Workers steering clear of car pools Only 78 join county's ride-sharing program

June 14, 1998|By John Murphy | John Murphy,SUN STAFF

If you commute from Carroll County, you know the routine.

Each weekday morning, it's just you and the steering wheel. You battle traffic down Routes 30, 97, 26 and 140 toward Baltimore, Washington or maybe another suburb. You push through the crush of commuters racing to get to work. Most are driving solo, just like you.

Take that same trip with a co-worker or two, and you've done something very unusual for a Carroll County resident.

The state's second-fastest-growing county, where more than 80 percent of the working population commutes to jobs outside Carroll, has one of the metropolitan area's lowest ride-share participation rates. Just 78 commuters are registered in car pools or van pools, according to a report released by the Carroll County Bureau of Planning.

Others not officially registered by the county might also carpool, said Carol Reed-Wightman, the county's commuter transportation coordinator. But the small number indicates that the county's 150,000 residents have little interest in seeking alternative transportation.

For residents drawn to Carroll County by its open spaces, privacy and distance from urban centers, the automobile is a necessity of rural living. It provides a freedom residents will not surrender easily, the report concluded.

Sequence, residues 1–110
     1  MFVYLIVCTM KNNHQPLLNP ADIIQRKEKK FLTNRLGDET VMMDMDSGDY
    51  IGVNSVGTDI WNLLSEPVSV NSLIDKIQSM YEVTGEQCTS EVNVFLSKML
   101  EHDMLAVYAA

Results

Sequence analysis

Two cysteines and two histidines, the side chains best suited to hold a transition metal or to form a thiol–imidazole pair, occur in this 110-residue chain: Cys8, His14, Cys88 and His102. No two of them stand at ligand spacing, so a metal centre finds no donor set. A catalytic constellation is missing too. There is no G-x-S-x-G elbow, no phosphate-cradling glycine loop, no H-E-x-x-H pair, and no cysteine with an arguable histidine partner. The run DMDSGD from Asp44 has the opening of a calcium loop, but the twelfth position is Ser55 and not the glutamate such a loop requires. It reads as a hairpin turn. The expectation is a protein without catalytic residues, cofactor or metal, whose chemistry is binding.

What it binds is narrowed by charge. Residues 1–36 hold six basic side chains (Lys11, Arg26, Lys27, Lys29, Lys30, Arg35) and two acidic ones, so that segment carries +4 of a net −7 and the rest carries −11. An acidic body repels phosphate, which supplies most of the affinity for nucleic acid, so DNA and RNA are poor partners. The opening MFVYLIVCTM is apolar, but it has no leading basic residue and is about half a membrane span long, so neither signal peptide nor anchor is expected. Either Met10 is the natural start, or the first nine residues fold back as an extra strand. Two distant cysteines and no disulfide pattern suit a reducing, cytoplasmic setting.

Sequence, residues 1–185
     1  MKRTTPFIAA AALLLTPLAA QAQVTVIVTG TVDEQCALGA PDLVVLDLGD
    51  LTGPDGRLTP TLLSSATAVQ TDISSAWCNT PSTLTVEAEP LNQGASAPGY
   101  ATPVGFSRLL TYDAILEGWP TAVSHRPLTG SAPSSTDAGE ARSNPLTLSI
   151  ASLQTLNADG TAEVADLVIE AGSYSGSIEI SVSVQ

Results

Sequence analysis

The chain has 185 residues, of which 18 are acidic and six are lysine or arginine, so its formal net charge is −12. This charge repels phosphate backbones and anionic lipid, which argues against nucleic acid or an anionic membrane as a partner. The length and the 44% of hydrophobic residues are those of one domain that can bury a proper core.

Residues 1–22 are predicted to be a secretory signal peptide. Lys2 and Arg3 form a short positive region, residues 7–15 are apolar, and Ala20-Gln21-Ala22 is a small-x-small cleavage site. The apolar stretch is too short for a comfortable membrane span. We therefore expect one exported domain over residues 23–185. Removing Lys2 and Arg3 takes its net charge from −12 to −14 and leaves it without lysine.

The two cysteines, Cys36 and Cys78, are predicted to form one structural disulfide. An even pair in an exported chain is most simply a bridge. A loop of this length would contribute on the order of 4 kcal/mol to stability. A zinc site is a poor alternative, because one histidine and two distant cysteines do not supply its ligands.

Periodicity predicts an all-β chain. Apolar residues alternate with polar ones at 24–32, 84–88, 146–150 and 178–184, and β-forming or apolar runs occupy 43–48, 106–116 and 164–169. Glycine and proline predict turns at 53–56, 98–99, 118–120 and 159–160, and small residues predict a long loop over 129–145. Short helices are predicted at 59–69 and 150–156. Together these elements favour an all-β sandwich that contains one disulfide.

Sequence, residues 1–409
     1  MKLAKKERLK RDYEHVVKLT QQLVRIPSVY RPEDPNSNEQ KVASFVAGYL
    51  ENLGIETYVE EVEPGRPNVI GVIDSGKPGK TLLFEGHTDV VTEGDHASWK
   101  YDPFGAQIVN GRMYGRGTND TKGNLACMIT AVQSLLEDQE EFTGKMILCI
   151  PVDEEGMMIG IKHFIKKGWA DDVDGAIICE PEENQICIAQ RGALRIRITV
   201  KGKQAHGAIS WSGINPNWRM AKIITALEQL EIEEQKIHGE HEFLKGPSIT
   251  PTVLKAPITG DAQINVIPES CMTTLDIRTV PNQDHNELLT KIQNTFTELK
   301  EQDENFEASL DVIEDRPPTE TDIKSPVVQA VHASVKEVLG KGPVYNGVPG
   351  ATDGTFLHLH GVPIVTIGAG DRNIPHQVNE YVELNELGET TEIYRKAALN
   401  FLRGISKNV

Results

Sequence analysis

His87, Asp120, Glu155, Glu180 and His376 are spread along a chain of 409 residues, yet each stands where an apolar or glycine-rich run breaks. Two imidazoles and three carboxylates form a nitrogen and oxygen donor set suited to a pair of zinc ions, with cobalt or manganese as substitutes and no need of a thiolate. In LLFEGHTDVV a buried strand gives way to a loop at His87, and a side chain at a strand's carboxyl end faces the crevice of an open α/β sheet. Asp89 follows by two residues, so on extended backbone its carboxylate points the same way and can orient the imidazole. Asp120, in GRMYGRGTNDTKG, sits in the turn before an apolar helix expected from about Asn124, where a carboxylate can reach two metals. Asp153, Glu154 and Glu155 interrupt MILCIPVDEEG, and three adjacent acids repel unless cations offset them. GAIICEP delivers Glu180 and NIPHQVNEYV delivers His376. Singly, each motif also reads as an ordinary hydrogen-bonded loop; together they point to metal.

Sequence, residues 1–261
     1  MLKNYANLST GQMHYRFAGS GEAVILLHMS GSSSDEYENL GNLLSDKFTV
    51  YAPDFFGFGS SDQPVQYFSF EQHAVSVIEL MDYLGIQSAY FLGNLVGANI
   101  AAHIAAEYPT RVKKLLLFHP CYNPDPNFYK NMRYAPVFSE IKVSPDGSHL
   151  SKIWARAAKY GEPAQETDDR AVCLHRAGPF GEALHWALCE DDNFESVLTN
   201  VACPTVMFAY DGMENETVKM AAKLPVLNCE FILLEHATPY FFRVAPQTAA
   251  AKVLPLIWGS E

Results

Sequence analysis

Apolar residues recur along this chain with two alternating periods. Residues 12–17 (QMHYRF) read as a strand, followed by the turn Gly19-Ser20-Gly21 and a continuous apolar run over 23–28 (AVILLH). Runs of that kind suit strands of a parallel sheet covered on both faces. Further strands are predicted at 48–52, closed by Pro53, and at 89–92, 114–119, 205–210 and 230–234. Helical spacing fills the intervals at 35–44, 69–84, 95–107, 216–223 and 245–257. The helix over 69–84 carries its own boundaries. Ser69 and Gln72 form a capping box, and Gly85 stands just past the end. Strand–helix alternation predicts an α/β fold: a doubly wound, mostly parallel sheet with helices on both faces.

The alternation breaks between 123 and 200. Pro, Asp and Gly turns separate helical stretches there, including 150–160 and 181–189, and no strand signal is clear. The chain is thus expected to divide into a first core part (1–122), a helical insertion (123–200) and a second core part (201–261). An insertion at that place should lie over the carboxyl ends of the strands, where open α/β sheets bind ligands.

Not open to ride-sharing

"Carroll County is not as open to ride-sharing as some of the more urban areas. The county is still considered a rural county, and most people prefer to commute in their own personal vehicles," said Reed-Wightman. "We're trying desperately to change the sentiment in this county. But it's difficult."

The phone rarely rings at Reed-Wightman's office, a desk and personal computer tucked into a corner of the Planning and Zoning Department.

Reed-Wightman said she receives about three calls a week from commuters inquiring about car and van pools.

Nationwide, participation in ride-sharing is falling, said Christine Walsh, executive director of the Annapolis Regional Transportation Management Authority.

Families, she said, have grown more dependent on automobiles to fulfill the demands of the day: running to the store at lunchtime, driving the children to practice, going to the gym after work.

Carroll County residents not only resist ride-sharing -- they are also negative toward public transportation. Reed-Wightman said most residents view public transportation as a vehicle for promoting crime and urban sprawl.

More in other counties

The number of participants in the county ride-share program has doubled in the past year, from 39 to 78. Still, it is far less than the department, funded by a $50,000 federal grant, had hoped for when it opened in 1991.

Howard County -- the state's fastest-growing county -- has about 1,000 commuters registered in its ride-share program. South Anne Arundel County has 1,500. North Anne Arundel County had no figures available, but estimated that about 15 percent of the population, or about 20,000 people, are in car pools. Baltimore County does not have a ride-share program, after the County Council voted to refuse $95,750 in federal money for the program in 1996.